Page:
http://money.cnn.com/2007/12/10/news/companies/pharma_layoffs.fortune/index.htm

http://www.fiercebiotech.com/special-reports/3-bayer

http://www.nytimes.com/2007/08/16/technology/15cnd-amgen.html

I can keep going.

Notice the same common theme running around? Competition from generics and the FDAs more stringent approvals guidelines are severely cutting into profits for biopharm companies. Even if you manage to extend a patent by 5 more years, that is only putting a temporary plug in a leak. On top of that you have countries like China who completely ignore all patent laws and manufacture drugs covered under patents and sell them at much cheaper prices.

Drug costs are one of the biggest "flaws" in our health care system. I put "flaws" in quotes because like with the gun industry, the laws are written by industry lobbyists for the benefit of the industry. Ie, our gun laws are not flawed if you look at them from the perspective of someone who is trying to sell or buy them. For the drug industry, they've succeeded in getting their patent protection extended, in getting the government to restrict competition, and played with the insurance companies to guarantee price controls.

Sounds just like the oil, cigarette, and credit card industries.

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mheslep
Gold Member
..This is anecdotal, but my boss used to do a lot of business at Merck. According to him, the opulence in the offices and magnitude of the bureacracy is unmatched in other businesses. It gives the appearance of throwing money around basically just to reduce the aparent profit and justify their fees. That would be "too much profit".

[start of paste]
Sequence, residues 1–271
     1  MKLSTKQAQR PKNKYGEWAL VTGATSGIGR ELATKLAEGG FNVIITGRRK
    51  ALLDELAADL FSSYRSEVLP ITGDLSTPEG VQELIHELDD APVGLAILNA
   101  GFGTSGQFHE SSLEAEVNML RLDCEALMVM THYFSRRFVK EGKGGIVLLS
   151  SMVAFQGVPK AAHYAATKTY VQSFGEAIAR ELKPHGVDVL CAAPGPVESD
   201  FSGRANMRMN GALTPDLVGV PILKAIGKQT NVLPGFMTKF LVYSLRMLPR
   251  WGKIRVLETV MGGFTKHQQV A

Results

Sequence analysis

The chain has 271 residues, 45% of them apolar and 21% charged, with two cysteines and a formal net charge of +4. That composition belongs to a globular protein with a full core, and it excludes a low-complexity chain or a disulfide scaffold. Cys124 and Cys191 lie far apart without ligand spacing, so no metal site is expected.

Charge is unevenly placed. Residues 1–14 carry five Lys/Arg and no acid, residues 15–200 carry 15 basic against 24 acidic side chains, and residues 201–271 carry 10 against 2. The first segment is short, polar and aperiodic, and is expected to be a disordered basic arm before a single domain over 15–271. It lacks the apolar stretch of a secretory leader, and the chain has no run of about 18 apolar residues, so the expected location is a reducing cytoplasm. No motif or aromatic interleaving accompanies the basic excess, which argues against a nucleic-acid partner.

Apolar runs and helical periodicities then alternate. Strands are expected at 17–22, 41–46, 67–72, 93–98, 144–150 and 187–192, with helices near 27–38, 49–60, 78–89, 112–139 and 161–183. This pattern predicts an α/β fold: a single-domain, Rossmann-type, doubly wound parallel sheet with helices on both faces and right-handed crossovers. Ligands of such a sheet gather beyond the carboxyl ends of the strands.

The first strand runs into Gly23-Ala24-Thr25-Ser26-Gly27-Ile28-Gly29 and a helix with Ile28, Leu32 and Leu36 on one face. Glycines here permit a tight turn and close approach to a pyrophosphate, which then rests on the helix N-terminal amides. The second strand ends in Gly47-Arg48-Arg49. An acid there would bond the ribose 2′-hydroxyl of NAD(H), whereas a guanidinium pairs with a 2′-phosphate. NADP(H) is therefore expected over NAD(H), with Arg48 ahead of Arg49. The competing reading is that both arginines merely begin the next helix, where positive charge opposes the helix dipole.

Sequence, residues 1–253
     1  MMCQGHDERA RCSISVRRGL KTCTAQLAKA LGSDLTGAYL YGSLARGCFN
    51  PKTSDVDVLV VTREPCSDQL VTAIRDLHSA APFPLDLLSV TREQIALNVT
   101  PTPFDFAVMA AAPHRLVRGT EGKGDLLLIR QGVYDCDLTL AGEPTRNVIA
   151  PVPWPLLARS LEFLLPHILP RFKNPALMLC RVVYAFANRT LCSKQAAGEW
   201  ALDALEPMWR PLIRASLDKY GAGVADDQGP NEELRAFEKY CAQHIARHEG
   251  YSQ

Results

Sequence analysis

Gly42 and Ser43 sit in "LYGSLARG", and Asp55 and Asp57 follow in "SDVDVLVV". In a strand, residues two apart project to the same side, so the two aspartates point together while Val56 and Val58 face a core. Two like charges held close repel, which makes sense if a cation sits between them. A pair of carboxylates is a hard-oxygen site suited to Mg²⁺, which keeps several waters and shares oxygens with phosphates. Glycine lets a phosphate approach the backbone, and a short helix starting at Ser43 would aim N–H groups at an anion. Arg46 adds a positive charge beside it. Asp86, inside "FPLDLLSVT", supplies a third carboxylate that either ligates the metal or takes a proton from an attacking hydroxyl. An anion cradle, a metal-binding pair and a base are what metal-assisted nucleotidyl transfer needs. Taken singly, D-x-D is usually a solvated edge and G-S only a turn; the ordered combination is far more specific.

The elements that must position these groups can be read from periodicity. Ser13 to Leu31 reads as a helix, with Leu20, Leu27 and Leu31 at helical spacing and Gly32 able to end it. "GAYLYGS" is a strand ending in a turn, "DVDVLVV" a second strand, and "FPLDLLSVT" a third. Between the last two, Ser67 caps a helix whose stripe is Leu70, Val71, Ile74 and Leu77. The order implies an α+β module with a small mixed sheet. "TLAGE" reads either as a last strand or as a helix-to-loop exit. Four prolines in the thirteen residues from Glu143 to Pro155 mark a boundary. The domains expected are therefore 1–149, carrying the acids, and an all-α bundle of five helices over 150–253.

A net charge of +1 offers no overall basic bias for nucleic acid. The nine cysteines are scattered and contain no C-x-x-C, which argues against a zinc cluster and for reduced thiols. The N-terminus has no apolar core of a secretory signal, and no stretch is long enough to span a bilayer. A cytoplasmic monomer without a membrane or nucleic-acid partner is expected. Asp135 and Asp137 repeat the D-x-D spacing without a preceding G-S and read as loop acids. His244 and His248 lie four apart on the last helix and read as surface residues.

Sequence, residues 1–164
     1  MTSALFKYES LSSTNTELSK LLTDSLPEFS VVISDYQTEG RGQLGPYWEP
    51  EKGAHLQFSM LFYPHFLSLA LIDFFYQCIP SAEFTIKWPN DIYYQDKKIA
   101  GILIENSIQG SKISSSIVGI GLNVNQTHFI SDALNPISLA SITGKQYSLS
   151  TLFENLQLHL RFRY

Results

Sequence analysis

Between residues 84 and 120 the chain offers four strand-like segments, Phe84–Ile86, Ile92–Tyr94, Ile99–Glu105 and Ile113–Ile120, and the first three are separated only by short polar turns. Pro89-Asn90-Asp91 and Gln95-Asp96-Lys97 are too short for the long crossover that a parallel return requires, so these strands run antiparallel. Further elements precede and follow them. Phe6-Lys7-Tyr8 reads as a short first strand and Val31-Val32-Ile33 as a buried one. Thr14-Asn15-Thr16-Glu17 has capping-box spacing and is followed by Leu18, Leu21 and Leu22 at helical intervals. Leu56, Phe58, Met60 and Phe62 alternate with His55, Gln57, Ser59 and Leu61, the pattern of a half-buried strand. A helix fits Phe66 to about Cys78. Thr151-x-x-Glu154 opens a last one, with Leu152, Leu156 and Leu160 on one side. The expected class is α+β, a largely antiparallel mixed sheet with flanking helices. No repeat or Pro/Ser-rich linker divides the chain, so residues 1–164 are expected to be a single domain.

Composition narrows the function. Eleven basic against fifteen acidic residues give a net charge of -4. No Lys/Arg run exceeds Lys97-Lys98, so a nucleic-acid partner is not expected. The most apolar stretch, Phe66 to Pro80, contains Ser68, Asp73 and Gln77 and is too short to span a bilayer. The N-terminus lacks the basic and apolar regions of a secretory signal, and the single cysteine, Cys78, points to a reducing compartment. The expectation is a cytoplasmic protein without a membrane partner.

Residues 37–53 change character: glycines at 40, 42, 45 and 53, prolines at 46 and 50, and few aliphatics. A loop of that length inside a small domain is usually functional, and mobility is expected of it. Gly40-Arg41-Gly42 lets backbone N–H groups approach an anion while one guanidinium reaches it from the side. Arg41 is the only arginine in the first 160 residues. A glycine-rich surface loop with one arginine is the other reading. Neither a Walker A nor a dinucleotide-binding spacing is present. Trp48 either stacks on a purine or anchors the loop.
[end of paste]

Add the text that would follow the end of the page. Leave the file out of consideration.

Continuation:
I'll wager a large sum that Merck's opulence and executive compensation, or anyone else's for that matter, does not exceed that of the big tort attorney's.

mheslep
Gold Member
I don't have a lot of sympathy for the drug industry considering what the tech industry goes through. googling and finding data from different years, Intel had a gross income of $9 billion last year and 3 years ago spent$5 billion in R&D. And they have the opposite, though no less serious problem from the drug industry: patent protection only covers them for a few years because the technology is obsolte long before the patent runs out.
Yes, though Intel doesn't have any equivalent of the FDA to deal with. Thats a large part of the high drug costs. Direct costs aside, I expect even the cost of capital must be much higher for the drug industry due to the increased risk imposed by the FDA process: you can have a drug thats safe enough, accepted over seas, but delayed or outright banned here.

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mheslep
Gold Member
I have psoriasis and use a number of topical meds to keep it in check. I was aware that these meds were expensive, but I didn't realize that the insurance was paying over 75% of the cost. That is, I had never noticed the retail price for what I'm using. One of these is a cream that is about twice the price of the rest by weight. It is a 0.005% calcipotriol cream that comes in a tube that holds 120 grams of it [about the size of a large tube of toothpaste], so we are talking about 6 mg of the active ingredient.